The charred hulk of the once-proud Liberian Embassy stood untended for nine years, an eyesore at the stately corner of 16th Street and Colorado Avenue NW and a sad symbol of the long, ruinous civil war in the small western African country.
But now, with Liberia trying to rebuild even as some conflict continues, its government is spending more than $700,000 to rebuild its embassy--and remind Americans and the estimated 100,000 Liberians in the United States about the historical links between the two countries.
"We are ready to take our rightful place in the international community, and we want to assure this community, too, that we are back and proud to be here," Tim Siklo, first secretary and political officer at the embassy, said yesterday at a festive celebration to mark tomorrow's 152nd anniversary of Liberian independence.
With Liberian music booming and fufu and other native delicacies for sale, Liberians gathered at the construction site to celebrate a day that is as important to them as the Fourth of July is to Americans.
Liberia's political origins stem from a charter granted by Congress permitting the establishment of a settlement for freed slaves. The first settlers arrived in 1822 with financial assistance from President James Monroe--for whom the capital, Monrovia, is named. The nation declared itself an independent republic in 1847 under an American-style constitution, though it has long been ruled by military governments.
"We are very proud of the history we share with the United States," said Liberian Ambassador Rachel Diggs, who was surrounded yesterday by three generations of her family, including a sister visiting from Liberia.
In the mid-1950s, when the Liberian government searched Washington for a building to house its embassy, the only area where it was allowed to buy property was in upper Northwest near Carter Barron, according to Siklo and embassy attache Catherine Nmah.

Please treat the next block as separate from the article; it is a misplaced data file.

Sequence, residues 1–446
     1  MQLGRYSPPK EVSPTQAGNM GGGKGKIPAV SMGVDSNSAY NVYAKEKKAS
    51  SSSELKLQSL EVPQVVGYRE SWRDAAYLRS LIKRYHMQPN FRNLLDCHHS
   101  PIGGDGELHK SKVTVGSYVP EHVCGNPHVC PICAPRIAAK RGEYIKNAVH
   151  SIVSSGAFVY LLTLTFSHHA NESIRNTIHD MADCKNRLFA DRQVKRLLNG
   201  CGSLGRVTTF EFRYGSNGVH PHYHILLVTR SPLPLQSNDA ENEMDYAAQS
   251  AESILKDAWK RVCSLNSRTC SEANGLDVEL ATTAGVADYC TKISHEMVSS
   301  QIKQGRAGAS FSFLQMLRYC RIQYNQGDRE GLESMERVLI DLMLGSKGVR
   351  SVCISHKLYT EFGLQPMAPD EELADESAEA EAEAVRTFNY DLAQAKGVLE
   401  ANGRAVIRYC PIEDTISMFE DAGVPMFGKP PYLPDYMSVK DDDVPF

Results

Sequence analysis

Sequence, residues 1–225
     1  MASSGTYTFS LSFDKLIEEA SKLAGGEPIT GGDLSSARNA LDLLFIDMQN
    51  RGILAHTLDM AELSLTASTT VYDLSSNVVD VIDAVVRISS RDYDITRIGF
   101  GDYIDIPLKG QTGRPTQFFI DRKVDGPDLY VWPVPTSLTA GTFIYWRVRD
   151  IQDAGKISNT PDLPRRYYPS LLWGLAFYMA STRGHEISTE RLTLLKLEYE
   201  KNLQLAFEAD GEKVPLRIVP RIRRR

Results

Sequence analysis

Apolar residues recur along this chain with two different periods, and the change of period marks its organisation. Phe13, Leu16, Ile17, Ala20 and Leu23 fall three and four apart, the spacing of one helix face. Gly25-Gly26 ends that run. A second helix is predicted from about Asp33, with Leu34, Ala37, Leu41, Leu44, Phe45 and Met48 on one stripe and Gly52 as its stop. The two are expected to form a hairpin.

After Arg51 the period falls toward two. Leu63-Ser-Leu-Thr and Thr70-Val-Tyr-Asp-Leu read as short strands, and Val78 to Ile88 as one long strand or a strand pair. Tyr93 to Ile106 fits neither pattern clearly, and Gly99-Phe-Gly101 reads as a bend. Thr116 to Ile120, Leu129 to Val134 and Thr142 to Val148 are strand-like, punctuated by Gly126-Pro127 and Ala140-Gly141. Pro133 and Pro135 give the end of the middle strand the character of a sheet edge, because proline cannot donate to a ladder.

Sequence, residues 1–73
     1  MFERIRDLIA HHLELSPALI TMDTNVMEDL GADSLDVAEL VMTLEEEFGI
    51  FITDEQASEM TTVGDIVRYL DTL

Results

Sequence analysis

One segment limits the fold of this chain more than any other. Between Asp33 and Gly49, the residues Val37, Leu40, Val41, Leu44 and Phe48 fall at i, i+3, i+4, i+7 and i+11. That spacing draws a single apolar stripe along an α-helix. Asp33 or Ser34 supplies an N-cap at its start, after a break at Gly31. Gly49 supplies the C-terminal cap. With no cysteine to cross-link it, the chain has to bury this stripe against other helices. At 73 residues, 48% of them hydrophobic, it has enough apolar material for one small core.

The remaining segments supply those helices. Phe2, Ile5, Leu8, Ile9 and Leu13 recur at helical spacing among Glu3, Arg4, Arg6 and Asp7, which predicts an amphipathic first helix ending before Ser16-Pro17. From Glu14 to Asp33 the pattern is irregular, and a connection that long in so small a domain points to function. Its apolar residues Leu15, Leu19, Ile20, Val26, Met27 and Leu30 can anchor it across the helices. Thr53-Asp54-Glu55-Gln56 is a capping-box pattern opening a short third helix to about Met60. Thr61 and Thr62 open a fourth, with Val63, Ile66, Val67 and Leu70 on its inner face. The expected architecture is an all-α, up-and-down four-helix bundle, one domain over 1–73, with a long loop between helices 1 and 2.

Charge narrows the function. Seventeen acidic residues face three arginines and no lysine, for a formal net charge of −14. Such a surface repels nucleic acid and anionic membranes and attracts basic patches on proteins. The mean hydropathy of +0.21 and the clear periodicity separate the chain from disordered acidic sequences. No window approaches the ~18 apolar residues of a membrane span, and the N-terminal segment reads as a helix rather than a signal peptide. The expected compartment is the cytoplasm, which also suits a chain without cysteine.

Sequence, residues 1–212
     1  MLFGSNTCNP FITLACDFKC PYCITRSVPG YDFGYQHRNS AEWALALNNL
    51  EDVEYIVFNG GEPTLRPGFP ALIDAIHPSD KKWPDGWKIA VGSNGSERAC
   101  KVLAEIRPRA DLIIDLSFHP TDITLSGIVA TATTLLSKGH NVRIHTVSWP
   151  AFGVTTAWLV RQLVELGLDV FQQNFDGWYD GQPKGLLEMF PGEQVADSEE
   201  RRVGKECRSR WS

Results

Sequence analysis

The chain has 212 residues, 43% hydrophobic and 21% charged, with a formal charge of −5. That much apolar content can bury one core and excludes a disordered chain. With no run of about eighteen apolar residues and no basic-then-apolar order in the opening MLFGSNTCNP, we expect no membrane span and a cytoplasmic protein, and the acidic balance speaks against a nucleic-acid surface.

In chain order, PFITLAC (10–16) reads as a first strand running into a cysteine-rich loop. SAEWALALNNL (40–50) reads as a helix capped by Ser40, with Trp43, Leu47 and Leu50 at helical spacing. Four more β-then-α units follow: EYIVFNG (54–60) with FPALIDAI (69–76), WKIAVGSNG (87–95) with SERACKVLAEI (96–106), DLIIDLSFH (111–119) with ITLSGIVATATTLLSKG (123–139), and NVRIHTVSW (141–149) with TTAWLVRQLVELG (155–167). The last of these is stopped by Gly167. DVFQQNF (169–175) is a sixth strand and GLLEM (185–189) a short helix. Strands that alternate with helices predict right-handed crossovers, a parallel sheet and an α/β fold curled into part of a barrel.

The three-story building was purchased, decorated with Liberian statues and art, and served as the embassy until it burned late one night in 1990. Nobody was inside, but the building's contents were destroyed.
The official report from the D.C. fire department attributed the blaze to electrical problems, but several Liberians yesterday said they believe it was somehow connected to the civil war that broke out the same year in the country of 2.8 million people. The embassy set up officers in another nearby building, but the staff has always wanted to return to the original home.
Much of the light yellow brick structure is back up, and most of the windows have been installed. It is scheduled to officially reopen in late September or early October when Liberian President Charles Taylor will be in the country to attend a United Nations session.
"This building means a lot to us," said Nmah, explaining why it is being restored exactly the way it once stood.
Thembi Redd, 17, who attends Magruder High School in Rockville and who moved to this area two years ago with her family after being evacuated from Sierra Leone, said she was "forced" to come to yesterday's celebration by her mother--who encourages connections to Liberian people and culture. But she enjoyed seeing the soon-to-be embassy.
"It's a symbol of Liberia in the States," she said, as her smiling 12-year-old sister, Katherine, nodded in agreement.